One of the strengths of Dance Central is the lifetime of experience owned by its directors. Co-artistic director Kathryn Horne, for instance, learned "Graduation Ball" directly from its creator David Lichine, who introduced the ballet during World War II. Horne danced the work many times as a member of American Ballet Theater. Orchestra conductor Anatol Dorati arranged the Strauss music specifically for the ballet.
The time of the piece is the late-19th, early-20th century. The setting is a private girls' school on the outskirts of a large European city, perhaps Paris or Vienna. Mixing of the sexes was unheard of in education, but on rare occasions, a highly regulated co-mingling of the sexes took place. At the end of the school year, the girls' school would invite the male cadets of the local military school to come and be partners for their girls at a graduation ball. The head mistress and the "General" in the story have had a mild flirtation for many years,
Professional dancers Georgia Tucker and Anne Marie Loesch are among the graduates in this production. The humor is light and charming; expect a limber, lilting touch rather than knee slappers.
Mary Ann Mee, the company's other co-artistic director, danced in modern dance pioneer Charles Weidman's company for many years. Her major contribution to this new program is "For Lo The Winter Is Past," a joyful, triumphant affirmation of the season of rebirth and renewal. The favorite time of year for Mee's mother was spring; this piece is dedicated to her.
What makes modern dance unique is that the choreographer allows the dancer to express his/her own personality and "take" on what the choreographer is trying to express. One very talented dancer with personality is Clay Daniels -- a mainstay of Dance Central until he left town to join a professional company. Unfortunately, that old devil lack of funds forced his new troupe to go belly up, and Daniels has taken a featured role in this ballet in which each dancer represents a different aspect of spring. This is a decidedly upbeat, celebratory work that should take many audience members by surprise.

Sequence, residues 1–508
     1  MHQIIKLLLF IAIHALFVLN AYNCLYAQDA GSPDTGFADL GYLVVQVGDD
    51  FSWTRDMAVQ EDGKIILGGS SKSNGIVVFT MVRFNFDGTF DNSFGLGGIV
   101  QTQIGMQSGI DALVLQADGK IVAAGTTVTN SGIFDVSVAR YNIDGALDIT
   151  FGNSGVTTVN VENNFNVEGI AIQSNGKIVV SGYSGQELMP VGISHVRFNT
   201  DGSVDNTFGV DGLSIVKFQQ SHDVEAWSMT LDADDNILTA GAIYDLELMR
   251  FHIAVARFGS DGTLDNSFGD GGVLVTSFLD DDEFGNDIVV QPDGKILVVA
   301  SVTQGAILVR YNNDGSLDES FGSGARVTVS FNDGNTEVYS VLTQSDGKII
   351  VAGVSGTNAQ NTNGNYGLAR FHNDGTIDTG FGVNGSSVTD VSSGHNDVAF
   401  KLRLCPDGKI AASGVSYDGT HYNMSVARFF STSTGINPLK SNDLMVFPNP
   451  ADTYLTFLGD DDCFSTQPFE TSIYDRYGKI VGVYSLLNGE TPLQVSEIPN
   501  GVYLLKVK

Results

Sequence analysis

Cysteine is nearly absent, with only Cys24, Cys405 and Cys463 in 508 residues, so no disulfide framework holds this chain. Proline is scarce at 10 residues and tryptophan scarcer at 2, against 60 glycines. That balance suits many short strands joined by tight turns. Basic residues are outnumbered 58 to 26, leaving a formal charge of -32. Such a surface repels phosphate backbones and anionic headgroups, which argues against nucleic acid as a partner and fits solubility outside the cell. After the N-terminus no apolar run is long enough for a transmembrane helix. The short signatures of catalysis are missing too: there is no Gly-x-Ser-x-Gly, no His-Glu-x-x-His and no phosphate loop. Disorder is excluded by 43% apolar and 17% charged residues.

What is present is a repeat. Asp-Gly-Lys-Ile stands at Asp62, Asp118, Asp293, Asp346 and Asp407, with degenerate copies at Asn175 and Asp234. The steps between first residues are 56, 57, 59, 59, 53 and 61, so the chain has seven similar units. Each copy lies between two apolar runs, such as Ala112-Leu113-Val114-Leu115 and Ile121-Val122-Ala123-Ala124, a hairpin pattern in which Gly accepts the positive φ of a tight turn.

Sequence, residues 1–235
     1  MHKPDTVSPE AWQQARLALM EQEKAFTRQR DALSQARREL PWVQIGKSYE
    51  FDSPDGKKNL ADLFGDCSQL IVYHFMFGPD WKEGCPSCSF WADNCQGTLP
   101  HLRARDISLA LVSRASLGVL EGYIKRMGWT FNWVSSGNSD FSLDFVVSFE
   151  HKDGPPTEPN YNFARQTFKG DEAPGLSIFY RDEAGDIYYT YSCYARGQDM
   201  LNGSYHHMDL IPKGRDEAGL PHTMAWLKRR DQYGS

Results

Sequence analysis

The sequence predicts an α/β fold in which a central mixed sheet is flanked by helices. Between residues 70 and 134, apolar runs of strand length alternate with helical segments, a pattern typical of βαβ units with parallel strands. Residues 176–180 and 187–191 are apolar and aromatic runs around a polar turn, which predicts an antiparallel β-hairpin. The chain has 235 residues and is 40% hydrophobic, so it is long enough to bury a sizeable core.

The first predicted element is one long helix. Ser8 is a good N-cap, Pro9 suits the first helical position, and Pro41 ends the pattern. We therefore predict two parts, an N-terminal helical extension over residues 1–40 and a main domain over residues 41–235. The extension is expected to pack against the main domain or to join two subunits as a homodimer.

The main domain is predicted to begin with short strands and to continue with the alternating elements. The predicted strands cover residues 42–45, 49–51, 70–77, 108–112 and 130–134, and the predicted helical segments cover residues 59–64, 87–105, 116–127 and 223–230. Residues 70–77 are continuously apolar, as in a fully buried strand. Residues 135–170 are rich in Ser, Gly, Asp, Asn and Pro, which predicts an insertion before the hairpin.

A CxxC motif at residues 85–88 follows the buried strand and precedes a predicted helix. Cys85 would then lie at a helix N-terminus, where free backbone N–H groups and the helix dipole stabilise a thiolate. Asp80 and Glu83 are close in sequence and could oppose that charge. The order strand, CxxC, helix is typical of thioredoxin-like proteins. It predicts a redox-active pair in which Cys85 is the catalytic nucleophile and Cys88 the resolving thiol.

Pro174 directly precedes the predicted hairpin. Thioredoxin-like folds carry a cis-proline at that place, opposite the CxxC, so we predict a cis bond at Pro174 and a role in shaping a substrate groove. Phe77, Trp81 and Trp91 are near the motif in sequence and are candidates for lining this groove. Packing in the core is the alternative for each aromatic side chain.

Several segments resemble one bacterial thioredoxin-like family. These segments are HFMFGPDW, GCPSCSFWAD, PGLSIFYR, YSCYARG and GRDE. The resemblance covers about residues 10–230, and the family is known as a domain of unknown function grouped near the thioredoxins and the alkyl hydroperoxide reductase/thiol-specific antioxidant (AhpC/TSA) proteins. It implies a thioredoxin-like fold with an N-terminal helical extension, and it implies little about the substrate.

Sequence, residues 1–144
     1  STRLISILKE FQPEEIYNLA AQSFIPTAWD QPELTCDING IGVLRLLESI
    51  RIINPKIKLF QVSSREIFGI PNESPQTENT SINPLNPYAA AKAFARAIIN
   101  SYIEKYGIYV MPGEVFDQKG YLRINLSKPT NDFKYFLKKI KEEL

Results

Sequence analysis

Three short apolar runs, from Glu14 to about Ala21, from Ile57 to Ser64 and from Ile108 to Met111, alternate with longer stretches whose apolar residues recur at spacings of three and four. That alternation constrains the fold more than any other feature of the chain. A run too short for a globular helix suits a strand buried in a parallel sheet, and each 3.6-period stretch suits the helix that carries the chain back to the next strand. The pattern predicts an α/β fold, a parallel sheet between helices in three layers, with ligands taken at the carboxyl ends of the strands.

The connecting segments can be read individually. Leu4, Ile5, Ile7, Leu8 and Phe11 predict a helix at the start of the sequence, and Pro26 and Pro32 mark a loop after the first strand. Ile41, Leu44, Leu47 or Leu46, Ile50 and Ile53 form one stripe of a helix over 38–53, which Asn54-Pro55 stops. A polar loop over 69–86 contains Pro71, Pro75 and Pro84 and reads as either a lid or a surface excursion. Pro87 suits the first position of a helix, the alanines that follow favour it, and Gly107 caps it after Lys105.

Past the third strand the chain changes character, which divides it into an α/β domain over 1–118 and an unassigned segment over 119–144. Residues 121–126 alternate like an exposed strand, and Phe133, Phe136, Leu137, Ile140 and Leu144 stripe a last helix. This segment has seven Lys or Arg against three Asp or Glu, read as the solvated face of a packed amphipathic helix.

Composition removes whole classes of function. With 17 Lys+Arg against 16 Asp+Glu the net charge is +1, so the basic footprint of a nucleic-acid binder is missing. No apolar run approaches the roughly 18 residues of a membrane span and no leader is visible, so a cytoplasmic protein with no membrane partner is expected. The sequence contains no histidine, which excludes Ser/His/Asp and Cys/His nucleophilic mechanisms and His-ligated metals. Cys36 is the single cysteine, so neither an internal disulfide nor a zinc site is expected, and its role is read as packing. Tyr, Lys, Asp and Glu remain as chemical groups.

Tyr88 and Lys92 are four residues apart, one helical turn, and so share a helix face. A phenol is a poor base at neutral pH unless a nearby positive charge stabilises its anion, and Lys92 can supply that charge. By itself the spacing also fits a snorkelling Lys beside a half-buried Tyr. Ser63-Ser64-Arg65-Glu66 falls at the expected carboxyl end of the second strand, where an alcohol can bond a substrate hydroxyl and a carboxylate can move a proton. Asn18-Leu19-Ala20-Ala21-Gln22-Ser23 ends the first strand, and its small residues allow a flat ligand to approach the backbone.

Kathryn Horne's other ballet in the season finale is "The Sound of Bells," danced to a percussive score of drums, gongs, xylophone, etc.
Two summers ago, Horne and I attended a performance by the Twyla Tharp company at the American Dance Festival at Duke University. At intermission, a crowd of people was standing in front of the orchestra pit watching the "composer" assemble his "instruments." The man who created Tharp's score is called the "junk man." Anything that makes a sound when hit is fair game to him. The result was a perfect percussive blend with the dancing onstage, a delightful, truly innovative theater piece. Horne now has the chance to relay some of that cutting edge feel through this piece.
Marry Ann Mee's mentor Charles Weidman was a comic genius. Her "Secret Life" is a throwback to Weidman and seems Thurberesque. The cast consists of four people: a boss who does little more than sit with his feet on his desk smoking his pipe, his executive secretary who resents the fact that she does all the work to keep the firm going, a receptionist who does little more than chew gum, file her nails and pretend to be working, and a Fed Ex delivery man.
This is the way the four appear to the world, but each has a "secret life" and we're given a glance into their fantasies, making for a comic romp.
If you haven't yet discovered Dance Central, you're in for a treat. For $10 you can buy a movie ticket and a box of popcorn. For the same money at Pease Auditorium, you'll see live entertainment. These folks put on a damn good show.
Contemporary Rights, Dance Central's Spring season finale, will be performed April 12, 13 and 14 in Pease Auditorium on the CPCC campus. Curtain on Friday and Saturday is at 8pm, Sunday afternoon at 2:30pm Tickets are $10. For more information, call 704-330-6534 or visit online at www.dancecentral.org. *